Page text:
I will present five different sections here.
- Another reading of one of my Short Stories will be on Saturday 27th February at approximately 11.00 am on 101.7 Capital Radio. This one is entitled Dependency and Dysfunction and is probably, along with one entitled Assimilation, stories that I feel have challenge as well as substance . They outline not just why things are as they are in the Aboriginal world, but ways to think about and do something about them. In simple terms, the something is to listen to the ideas of Aboriginal people and support in them in executing those, rather than infiltrating their values and culture with ours and undermining their spirit. When I’m in this mood, I often think of the well-intentioned, and in parts, incisive work of Andrew Forrest in a review named Creating Parity. It was done for the Prime Minister’s Department a couple of years ago, when Tony was the CEO. My problem with the review is that it doesn’t give a definition for “parity”. Like, who will have parity with whom? On what basis and why is that better than the other way? What I get from the review is that parity means Aboriginal people will have equal outcomes with non-Aboriginal people because of linked opportunities through schooling, training, employment, housing, business creation and other strategies. Now while there’s sense in that from one perspective, from another it’s a wipeout. By that, I mean I have the sense that Aboriginal people will have to become like us to achieve parity. So, what of parity in other ways: in terms of culture, language and the soul and spirit of people. What will the cost be to Aboriginal culture and values if the answer is to be more like us? Imagine if white Australians had to give up certain values to ensure we had roofs over our heads and food in our mouths. Will Aboriginal values survive or isn’t the survival of those values deemed important in achieving parity? Is Creating Parity a new assimilation policy, however unintended? I don’t know. I am asking questions, and I’ll leave whatever thoughts you have with you. But if you get a chance to hear or read the two Short Stories mentioned above , they may help your thinking.
- I have put the first of the audio Short Stories, Me and Magic, up on this website. It can be accessed by going to the short story of that name. The audio version is at the top of the page.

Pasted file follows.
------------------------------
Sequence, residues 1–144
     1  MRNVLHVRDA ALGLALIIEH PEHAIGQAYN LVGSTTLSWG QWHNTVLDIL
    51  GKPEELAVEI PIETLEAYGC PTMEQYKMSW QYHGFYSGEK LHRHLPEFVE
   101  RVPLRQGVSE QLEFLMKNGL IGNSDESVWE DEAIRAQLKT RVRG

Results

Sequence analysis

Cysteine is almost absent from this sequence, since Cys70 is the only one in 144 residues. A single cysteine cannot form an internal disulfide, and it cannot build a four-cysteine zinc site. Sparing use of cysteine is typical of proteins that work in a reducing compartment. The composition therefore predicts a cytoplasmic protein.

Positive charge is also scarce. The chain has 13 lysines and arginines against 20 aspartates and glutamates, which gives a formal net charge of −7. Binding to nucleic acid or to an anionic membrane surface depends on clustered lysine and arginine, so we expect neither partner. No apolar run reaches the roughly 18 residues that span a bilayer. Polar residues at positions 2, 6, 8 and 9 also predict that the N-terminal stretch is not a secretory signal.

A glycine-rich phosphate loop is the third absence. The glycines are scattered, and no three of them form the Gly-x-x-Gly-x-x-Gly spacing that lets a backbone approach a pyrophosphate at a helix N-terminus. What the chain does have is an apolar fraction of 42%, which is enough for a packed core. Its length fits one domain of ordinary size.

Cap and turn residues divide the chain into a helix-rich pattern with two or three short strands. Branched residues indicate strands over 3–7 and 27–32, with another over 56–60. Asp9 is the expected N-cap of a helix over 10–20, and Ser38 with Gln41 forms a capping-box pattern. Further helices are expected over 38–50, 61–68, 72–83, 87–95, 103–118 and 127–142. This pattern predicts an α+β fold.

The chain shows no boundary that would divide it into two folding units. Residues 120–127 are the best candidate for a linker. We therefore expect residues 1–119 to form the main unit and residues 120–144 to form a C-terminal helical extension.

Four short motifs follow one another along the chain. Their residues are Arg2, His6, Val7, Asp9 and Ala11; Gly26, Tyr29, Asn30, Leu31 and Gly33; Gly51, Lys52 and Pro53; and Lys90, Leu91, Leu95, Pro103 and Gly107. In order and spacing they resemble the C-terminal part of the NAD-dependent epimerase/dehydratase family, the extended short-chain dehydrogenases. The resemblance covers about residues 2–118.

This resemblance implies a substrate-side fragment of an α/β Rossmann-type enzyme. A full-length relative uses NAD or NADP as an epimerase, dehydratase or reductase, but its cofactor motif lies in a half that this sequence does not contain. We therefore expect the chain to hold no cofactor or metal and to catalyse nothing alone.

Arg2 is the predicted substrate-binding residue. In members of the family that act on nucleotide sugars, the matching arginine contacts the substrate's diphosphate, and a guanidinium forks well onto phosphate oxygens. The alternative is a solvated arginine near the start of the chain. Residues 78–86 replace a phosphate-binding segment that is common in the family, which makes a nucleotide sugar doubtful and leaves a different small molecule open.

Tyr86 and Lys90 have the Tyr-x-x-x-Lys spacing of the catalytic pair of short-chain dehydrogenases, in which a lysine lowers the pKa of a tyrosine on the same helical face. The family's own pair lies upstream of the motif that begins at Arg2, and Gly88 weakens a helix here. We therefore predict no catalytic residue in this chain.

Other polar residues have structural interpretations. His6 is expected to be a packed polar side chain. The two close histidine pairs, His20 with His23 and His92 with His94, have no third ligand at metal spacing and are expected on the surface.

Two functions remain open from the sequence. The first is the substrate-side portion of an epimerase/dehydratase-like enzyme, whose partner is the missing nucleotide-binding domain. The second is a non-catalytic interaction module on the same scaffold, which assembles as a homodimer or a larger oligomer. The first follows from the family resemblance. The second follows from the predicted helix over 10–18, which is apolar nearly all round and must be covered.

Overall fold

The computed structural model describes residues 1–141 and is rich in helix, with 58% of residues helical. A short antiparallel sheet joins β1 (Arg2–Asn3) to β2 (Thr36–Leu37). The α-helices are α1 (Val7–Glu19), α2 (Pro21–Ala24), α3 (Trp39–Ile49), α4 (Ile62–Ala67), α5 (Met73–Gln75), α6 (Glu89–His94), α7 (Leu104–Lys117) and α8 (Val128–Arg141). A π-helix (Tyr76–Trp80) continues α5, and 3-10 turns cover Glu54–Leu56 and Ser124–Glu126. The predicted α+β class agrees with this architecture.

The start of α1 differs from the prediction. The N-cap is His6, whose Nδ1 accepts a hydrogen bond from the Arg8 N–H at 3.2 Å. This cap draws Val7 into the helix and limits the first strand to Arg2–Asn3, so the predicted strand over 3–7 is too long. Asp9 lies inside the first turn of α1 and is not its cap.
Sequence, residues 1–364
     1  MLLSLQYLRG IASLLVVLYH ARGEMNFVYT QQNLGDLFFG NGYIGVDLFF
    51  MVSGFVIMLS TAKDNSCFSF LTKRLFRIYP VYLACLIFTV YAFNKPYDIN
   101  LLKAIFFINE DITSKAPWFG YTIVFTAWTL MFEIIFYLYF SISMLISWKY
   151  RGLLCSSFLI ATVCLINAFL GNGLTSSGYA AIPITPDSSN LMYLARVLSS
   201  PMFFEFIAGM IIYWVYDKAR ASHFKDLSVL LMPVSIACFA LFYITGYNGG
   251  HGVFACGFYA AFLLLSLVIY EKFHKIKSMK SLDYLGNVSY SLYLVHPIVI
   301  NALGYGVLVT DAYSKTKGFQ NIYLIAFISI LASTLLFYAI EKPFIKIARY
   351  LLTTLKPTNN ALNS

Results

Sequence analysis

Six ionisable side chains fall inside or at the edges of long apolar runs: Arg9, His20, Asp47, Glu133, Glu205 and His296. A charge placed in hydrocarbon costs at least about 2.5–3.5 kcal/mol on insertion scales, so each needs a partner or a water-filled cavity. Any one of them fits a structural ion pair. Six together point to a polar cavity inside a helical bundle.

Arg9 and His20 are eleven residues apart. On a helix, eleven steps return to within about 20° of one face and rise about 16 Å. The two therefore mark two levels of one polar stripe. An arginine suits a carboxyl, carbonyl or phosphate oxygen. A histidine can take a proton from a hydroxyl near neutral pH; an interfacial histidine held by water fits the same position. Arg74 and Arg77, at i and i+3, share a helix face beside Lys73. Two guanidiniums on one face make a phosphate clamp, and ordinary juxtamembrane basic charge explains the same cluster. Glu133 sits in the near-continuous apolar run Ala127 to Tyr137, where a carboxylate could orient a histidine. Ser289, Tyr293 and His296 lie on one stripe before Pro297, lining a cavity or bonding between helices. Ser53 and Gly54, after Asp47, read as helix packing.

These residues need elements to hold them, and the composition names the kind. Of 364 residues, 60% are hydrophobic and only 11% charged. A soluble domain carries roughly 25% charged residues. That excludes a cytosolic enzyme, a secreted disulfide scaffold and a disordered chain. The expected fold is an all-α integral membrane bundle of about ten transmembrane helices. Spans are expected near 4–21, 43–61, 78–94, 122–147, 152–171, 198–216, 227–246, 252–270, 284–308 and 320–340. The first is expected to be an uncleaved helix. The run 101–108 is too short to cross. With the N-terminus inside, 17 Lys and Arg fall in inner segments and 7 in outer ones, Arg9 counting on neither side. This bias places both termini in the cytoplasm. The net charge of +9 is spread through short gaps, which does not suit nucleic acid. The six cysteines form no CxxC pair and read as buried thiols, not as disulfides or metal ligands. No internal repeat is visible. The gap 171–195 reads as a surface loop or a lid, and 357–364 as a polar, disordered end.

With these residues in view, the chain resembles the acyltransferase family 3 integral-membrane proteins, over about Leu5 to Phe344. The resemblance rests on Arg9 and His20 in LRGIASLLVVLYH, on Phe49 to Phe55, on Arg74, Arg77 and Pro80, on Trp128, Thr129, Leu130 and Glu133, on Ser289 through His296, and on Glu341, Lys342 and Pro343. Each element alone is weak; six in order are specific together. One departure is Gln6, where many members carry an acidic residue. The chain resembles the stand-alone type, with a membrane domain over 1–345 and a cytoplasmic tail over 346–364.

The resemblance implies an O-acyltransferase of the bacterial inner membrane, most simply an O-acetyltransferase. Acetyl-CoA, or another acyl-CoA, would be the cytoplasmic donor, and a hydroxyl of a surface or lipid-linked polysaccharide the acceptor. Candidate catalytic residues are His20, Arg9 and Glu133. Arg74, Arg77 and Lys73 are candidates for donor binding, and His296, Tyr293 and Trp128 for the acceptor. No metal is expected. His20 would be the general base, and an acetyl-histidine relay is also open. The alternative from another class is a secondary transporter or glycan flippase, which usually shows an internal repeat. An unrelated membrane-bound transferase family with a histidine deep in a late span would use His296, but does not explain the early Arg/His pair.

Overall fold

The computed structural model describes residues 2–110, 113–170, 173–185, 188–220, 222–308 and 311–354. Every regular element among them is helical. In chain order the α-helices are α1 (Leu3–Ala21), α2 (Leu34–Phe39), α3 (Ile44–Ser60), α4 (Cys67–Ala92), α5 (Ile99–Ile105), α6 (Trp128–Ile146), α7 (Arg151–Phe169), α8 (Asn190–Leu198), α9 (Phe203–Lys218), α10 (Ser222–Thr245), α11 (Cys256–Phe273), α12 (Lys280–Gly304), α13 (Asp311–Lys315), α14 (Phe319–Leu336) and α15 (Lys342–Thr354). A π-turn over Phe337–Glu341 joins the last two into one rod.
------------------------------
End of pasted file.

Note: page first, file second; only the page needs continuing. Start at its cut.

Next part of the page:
- My recently published novel, The WILUNA Solution, is now being recorded as an Audio book through VisAbility here in Western Australia. While the organisation is focussed on providing for those with impaired sight, the production of the novel in this format means those who drive road-trains or long distances around paddocks or around mine sites in Haul Paks, or spend long hours on planes or trains or are unable to read for reasons other than impaired vision, can also be reached. So I am immensely grateful for the opportunity to be involved with VisAbility, to Dinesh and particularly Susie Punch for all patient assistance, and to VisAbility for its faith in my product.
- Turn on a Light is nearing the end of it’s editing and I’m looking forward to taking the next steps in production. It’s been a labour of intensity over the past year to edit it back from about 480 pages to just over 300 pages. The difficulty I have in editing is to convince myself that some things I have written can be deleted. I believe that because I wrote it, it must gold. But with gentle criticism and assistance from a few people, I’ve come to realise more about repetition, where and how it happens, and, therefore, where and how to delete.
- Life Sentence is the tentative title of the new novel taking shape. Each day I seem to get a clue or an idea to help me to map out stages or characters in the story. I am at the point where a lot of the basic research has been done. But I will continue to browse Far From Home, which is Neville Green’s and Susan Moon’s recount of Rottnest Island as an Aboriginal prison. The synopsis on the back cover is particularly moving . The authors write: “Accompanying the biographical listing of prisoners is a (sic) historical account of the Rottnest establishment and prison life, describing the experiences of men who were separated from their families and sent to a cold and dreary island off the west coast of Western Australia. For more than 370 it was a one-way journey, and today, denied the recognition they deserve, they lie in unmarked graves, far from home.”
Twenty years after the publication of Far From Home, some things are gradually changing in terms of recognition, But what will never change is the truth of the last eight words in the quote above.